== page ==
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Zero to Seventy is Three Days

April 7th, 2009

Fast and Furious broke records over the weekend and helped take the overall box office to $155 million. That's 6% more than last weekend, and 62% than the same weekend last year. Stunning. Overall, 2009 has managed $2.57 billion, which is 14% ahead of last year's pace.

Fast & Furious earned $70.95 million and beat almost all expectations while setting records for biggest April weekend and biggest April day. Granted, the reviews were weak, and by Sunday the film had lost nearly 50% of its daily box office, which doesn't bode well for its future. That said, the studio is likely already working on a fifth film for the franchise, and possible a sixth one as well.

While Fast & Furious embarrassed most analysts, Monsters vs. Aliens matched expectations nearly perfectly with $32.61 million over the weekend for a total of $104.80 million. The film became the fourth film of 2009 to reach the century mark, doing so in just ten days, which is half as long as the previous three films that managed that feat. With strong reviews and a younger target demographic, it should last in theaters longer than most film have managed this year, and it could become the biggest hit of the year so far.

The Haunting in Connecticut also matched expectations nearly perfectly with $9.48 million over the past three days and $37.17 million after ten. The film managed to avoid a 60% drop-off, which sadly feels like a victory given how fast some other major releases have fallen during their sophomore stint this year. I think it will start shedding theaters this weekend and by the end of April will be a distant memory, but it has already made enough to guarantee a profit, and it is only a matter of when it does so.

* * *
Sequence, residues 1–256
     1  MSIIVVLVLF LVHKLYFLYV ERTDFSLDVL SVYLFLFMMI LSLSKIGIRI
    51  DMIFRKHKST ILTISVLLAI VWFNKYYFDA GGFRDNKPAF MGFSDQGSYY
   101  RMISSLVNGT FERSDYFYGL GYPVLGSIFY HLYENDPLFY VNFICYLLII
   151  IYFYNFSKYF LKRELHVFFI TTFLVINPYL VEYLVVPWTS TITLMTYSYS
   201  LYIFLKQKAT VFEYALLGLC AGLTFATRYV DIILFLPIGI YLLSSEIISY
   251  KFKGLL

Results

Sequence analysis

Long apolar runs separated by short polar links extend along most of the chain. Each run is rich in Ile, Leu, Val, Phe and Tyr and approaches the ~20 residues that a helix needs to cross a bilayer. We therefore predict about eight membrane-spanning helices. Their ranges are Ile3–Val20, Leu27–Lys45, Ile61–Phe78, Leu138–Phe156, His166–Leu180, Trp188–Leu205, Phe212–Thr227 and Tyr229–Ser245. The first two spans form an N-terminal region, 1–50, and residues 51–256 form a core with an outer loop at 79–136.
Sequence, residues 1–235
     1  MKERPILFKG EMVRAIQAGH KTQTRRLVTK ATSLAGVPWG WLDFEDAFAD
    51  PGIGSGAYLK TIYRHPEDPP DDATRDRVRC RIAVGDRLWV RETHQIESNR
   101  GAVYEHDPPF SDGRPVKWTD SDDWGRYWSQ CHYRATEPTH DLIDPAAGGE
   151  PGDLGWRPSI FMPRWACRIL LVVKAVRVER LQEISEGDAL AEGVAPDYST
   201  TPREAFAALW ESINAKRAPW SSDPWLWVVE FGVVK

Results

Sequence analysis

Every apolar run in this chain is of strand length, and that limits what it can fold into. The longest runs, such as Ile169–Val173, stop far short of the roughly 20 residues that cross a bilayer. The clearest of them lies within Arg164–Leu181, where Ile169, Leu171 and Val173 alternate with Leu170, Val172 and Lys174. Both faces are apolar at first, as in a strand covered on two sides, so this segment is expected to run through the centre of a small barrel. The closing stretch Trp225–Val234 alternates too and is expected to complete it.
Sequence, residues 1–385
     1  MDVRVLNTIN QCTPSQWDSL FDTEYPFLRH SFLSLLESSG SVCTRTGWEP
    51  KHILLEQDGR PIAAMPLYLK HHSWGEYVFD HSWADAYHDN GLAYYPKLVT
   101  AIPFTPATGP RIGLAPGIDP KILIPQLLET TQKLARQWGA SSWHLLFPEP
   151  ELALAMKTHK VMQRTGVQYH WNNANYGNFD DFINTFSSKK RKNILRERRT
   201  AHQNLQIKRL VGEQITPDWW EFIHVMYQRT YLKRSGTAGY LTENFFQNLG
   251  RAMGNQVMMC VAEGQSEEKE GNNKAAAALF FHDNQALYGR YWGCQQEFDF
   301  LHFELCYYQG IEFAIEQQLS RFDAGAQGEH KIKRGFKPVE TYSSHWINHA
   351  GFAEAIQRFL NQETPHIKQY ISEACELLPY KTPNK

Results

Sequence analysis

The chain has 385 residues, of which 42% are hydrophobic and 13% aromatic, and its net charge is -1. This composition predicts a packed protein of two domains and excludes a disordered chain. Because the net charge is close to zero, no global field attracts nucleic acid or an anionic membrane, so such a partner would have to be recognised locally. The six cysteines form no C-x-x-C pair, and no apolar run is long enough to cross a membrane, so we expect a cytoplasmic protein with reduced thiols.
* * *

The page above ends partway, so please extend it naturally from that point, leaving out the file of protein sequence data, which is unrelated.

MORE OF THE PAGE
Knowing placed fourth with $8.15 million, which was a hair over Thursday's prediction. Meanwhile its total of $58.22 million makes it a solid mid-level hit. Depending on how much it cost to make, it is well on its way to being profitable.

Likewise with I Love You, Man, which added $7.72 million over the weekend for a total of $49.16 million after three. You would have a hard time convincing me this film cost more than $50 million to make, and even with limited prospects internationally, profitability is assured.

There was only one film that disappointed over the weekend, and it was Adventureland. Despite earning some of the best reviews of the year, the film struggled to reach the lower end of expectations and finished in sixth place with $5.72 million. The only good news is the film's budget, which is estimated at $20 million. It won't match that theatrically, but the film should have a easier time attracting viewers on the home market.

Moving on to the sophomore class, there was only one film that didn't reach the top five, which was 12 Rounds. This film fell nearly 58% to $2.26 million over the weekend for a total of $8.98 million after two. With a sub-$1,000 per theater average, I expect a huge drop-off in theaters on Friday, but this is still not as bad as it could have been. And given its target audience, I suspect it will perform better on the home market.


Filed under: Monsters vs. Aliens, Fast & Furious, Knowing, I Love You, Man, The Haunting in Connecticut, Adventureland, 12 Rounds